Ten Traits of Social Entrepreneurship
September 20, 2019

Ten Traits of Social Entrepreneurship


As an agency that serves organizations and businesses in many different industries, we’re well versed in the characteristics of not-for-profits and for-profits alike. Each is made up of a group of people driven toward their organization’s mission, but there are nuances between them—both altruistic and entrepreneurial traits that work together to create what is known as social entrepreneurship.

The Altruist

At the heart of the nonprofit organization is an altruistic spirit—a person who is passionate about making a difference for fellow people, the animal kingdom, and our larger planet. These people care about elevating the well-being of others. They help during times of hardship and celebrate during times of joy. At their core, altruists are:

  1. Empathetic: altruists seek to fully understand another’s experience
  2. Just: altruists believe in what is morally right and fair
  3. Accepting: altruists believe that all people deserve to be taken seriously
  4. Humble: altruists place importance on others (human or natural world) before themselves
  5. Empowered: altruists have an internal locus of control, believing that they are truly capable of creating positive change

Not surprisingly, most altruists are drawn toward nonprofits. Here, they find a space to practice their values while serving others. That said, these people do face their fair share of challenges. For example, nonprofit leaders are constantly navigating policy changes, fundraising concerns, and volunteer recruitment snafus—all distractions from achieving their individual missions. 

The Entrepreneur

At the heart of the for-profit business is the entrepreneurial spirit—a person who is passionate about developing a product or service that generates profit. These people are usually full of ideas, and want to see the idea financially prosper. At their core, entrepreneurs are:

  1. Inspired: entrepreneurs feel compelled to shift a negative experience to a positive one
  2. Creative: entrepreneurs think outside of the box, innovating to develop solutions that don’t currently exist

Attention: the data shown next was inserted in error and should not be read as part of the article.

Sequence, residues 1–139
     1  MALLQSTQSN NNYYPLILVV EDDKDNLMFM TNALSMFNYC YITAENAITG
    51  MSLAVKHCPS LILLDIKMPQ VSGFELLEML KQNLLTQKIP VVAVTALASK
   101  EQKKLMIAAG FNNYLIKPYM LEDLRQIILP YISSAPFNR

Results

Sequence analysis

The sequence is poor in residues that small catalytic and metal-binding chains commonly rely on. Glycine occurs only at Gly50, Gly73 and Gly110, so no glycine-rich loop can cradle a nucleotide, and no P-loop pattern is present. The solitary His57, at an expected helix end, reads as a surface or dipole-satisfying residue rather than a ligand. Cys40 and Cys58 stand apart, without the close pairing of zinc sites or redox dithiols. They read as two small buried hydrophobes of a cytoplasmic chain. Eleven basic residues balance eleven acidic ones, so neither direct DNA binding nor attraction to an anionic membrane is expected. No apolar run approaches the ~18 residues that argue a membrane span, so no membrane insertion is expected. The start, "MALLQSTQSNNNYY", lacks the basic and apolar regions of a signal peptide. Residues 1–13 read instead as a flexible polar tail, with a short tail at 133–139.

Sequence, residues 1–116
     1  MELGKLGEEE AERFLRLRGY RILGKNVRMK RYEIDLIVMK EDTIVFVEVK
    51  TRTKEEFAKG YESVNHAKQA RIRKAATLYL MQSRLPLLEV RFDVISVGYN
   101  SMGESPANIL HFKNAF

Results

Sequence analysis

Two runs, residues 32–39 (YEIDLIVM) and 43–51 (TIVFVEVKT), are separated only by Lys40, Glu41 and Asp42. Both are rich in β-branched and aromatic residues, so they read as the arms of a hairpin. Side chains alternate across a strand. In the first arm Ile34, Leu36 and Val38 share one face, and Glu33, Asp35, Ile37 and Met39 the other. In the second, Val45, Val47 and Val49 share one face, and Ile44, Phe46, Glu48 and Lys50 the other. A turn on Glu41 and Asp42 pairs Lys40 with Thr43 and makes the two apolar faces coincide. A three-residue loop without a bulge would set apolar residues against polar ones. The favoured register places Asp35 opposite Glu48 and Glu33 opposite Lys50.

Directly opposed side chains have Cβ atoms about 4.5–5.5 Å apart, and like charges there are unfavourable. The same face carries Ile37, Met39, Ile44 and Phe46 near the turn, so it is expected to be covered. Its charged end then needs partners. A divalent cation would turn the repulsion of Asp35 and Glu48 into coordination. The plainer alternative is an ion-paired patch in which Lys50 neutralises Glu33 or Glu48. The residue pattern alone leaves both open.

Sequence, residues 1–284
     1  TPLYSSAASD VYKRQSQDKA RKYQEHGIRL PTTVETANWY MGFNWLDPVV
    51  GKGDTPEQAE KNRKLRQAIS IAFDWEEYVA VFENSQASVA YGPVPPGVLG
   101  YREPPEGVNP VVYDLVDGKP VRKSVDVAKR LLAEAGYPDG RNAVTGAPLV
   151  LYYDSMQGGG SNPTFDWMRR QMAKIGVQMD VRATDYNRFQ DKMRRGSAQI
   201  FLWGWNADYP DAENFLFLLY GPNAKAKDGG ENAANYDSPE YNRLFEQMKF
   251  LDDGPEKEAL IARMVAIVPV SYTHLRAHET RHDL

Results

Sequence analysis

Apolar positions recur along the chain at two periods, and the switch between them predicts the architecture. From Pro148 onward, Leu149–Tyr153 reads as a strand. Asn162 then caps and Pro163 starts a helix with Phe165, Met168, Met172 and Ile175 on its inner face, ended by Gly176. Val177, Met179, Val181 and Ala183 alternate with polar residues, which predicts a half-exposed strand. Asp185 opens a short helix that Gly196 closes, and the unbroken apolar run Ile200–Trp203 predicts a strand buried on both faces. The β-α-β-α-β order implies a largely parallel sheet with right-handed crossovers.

3. Action-oriented: entrepreneurs generate momentum, taking concrete steps to bring their ideas to life
  4. Courageous: entrepreneurs understand consequences, but aren’t afraid to take risks
  5. Resilient: entrepreneurs can withstand adversity, and are driven to see their ideas through market adoption

Entrepreneurs thrive in the startup world. Here, they get to tinker with ideas, experiment with implementation strategies, and constantly iterate as they receive customer feedback. While the pace of the startup environment is thrilling, for-profit does come with its challenges as well. Entrepreneurs are constantly navigating risk management, financial investment, and increased competition—all distractions from designing truly meaningful products or services. 

How Altruism and Entrepreneurship Align

The primary difference between altruists and entrepreneurs is that the latter is generally motivated by financial gain. With this in mind, they do share similar traits. For example, empathy can serve as inspiration, illuminating an opportunity for improvement. Humbleness can serve as courage, making space for personal vulnerability and risk-taking. Empowerment can serve as resilience, providing the energy and encouragement to quickly overcome challenges on one’s own.

These two different ideals—altruism and entrepreneurship—pair together to create what is known as social entrepreneurship.

Social Entrepreneurship Defined

Social entrepreneurship is a relatively new term in today’s market. It is a hybrid between the nonprofit organization and the for-profit business. Inspired by Roger L. Martin & Sally Osberg’s “Social Entrepreneurship: The Case for Definition” in Stanford Social Innovation Review, social entrepreneurship follows these three elements:

  1. Identifying a common yet unjust environment that is exclusive, perpetuates marginalization, or causes suffering to groups of people who lack the financial or social capital to achieve a transformative benefit
  2. Identifying an opportunity in this unjust environment, developing a value proposition, and promoting inspiration, creativity, action, courage, and fortitude to challenge the unjust environment
  3. Forming a new, just environment that releases the trapped potential or alleviates the suffering of a specific group, and scaling this change to ensure a better future for society at large

In this definition, the value proposition is what distinctly differentiates the altruist from the entrepreneur. It creates a for-profit model that is no longer incentivized by profit, but by impact. The outcomes of the traditional for-profit model are deemphasized, while the mission (and ability to influence) are elevated.

There is still much to be explored in the social entrepreneurship model. However, we believe that all organizations—nonprofit or for-profit—may be inspired by the parallels between altruism and entrepreneurship. After all, the more we understand about one another, the more we advance lasting and transformative change.

Interested in the pursuit of social entrepreneurship? Check out Nexus Impact Center. They help businesses and organizations overcome the barriers to creating impact.